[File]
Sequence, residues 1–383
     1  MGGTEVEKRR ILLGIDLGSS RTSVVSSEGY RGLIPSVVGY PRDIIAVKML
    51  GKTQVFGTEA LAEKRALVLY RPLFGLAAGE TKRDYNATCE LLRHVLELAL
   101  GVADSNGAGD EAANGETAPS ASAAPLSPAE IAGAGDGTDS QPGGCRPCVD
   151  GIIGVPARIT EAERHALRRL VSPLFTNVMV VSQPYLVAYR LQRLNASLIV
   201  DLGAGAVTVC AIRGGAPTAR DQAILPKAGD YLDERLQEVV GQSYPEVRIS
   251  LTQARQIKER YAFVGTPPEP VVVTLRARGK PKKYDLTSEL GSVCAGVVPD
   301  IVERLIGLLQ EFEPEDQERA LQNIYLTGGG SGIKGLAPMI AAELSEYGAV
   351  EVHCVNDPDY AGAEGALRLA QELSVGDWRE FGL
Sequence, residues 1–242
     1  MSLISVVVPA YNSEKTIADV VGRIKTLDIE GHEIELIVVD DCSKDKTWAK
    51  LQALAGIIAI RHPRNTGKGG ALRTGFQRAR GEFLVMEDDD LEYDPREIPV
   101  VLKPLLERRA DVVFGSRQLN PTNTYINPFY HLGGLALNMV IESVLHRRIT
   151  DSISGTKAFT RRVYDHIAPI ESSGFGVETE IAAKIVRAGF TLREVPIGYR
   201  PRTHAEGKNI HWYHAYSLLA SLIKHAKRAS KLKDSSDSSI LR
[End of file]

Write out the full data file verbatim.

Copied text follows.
Sequence, residues 1–383
     1  MGGTEVEKRR ILLGIDLGSS RTSVVSSEGY RGLIPSVVGY PRDIIAVKML
    51  GKTQVFGTEA LAEKRALVLY RPLFGLAAGE TKRDYNATCE LLRHVLELAL
   101  GVADSNGAGD EAANGETAPS ASAAPLSPAE IAGAGDGTDS QPGGCRPCVD
   151  GIIGVPARIT EAERHALRRL VSPLFTNVMV VSQPYLVAYR LQRLNASLIV
   201  DLGAGAVTVC AIRGGAPTAR DQAILPKAGD YLDERLQEVV GQSYPEVRIS
   251  LTQARQIKER YAFVGTPPEP VVVTLRARGK PKKYDLTSEL GSVCAGVVPD
   301  IVERLIGLLQ EFEPEDQERA LQNIYLTGGG SGIKGLAPMI AAELSEYGAV
   351  EVHCVNDPDY AGAEGALRLA QELSVGDWRE FGL
Sequence, residues 1–242
     1  MSLISVVVPA YNSEKTIADV VGRIKTLDIE GHEIELIVVD DCSKDKTWAK
    51  LQALAGIIAI RHPRNTGKGG ALRTGFQRAR GEFLVMEDDD LEYDPREIPV
   101  VLKPLLERRA DVVFGSRQLN PTNTYINPFY HLGGLALNMV IESVLHRRIT
   151  DSISGTKAFT RRVYDHIAPI ESSGFGVETE IAAKIVRAGF TLREVPIGYR
   201  PRTHAEGKNI HWYHAYSLLA SLIKHAKRAS KLKDSSDSSI LR